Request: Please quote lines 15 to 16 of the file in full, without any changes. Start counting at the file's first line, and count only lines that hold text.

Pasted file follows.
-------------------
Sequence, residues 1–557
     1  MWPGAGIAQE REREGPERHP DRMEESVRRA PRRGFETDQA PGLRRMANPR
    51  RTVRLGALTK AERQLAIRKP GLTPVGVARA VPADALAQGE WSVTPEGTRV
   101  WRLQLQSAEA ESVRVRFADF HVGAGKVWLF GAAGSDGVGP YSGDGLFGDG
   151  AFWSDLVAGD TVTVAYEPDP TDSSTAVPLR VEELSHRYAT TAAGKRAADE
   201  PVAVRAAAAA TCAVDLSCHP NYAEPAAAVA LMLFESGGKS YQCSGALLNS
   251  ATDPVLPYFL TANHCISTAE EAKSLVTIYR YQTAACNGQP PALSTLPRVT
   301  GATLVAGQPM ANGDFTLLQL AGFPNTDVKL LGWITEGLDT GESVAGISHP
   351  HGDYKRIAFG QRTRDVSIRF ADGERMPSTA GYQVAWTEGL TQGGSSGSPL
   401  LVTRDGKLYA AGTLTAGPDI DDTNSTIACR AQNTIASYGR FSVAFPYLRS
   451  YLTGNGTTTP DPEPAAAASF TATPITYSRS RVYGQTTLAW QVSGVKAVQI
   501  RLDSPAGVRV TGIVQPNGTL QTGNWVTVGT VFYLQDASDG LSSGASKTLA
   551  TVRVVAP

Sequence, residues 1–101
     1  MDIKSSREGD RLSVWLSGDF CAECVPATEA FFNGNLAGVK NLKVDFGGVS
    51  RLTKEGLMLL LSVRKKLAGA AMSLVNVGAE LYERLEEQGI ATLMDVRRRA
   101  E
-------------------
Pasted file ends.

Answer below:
     1  MDIKSSREGD RLSVWLSGDF CAECVPATEA FFNGNLAGVK NLKVDFGGVS
    51  RLTKEGLMLL LSVRKKLAGA AMSLVNVGAE LYERLEEQGI ATLMDVRRRA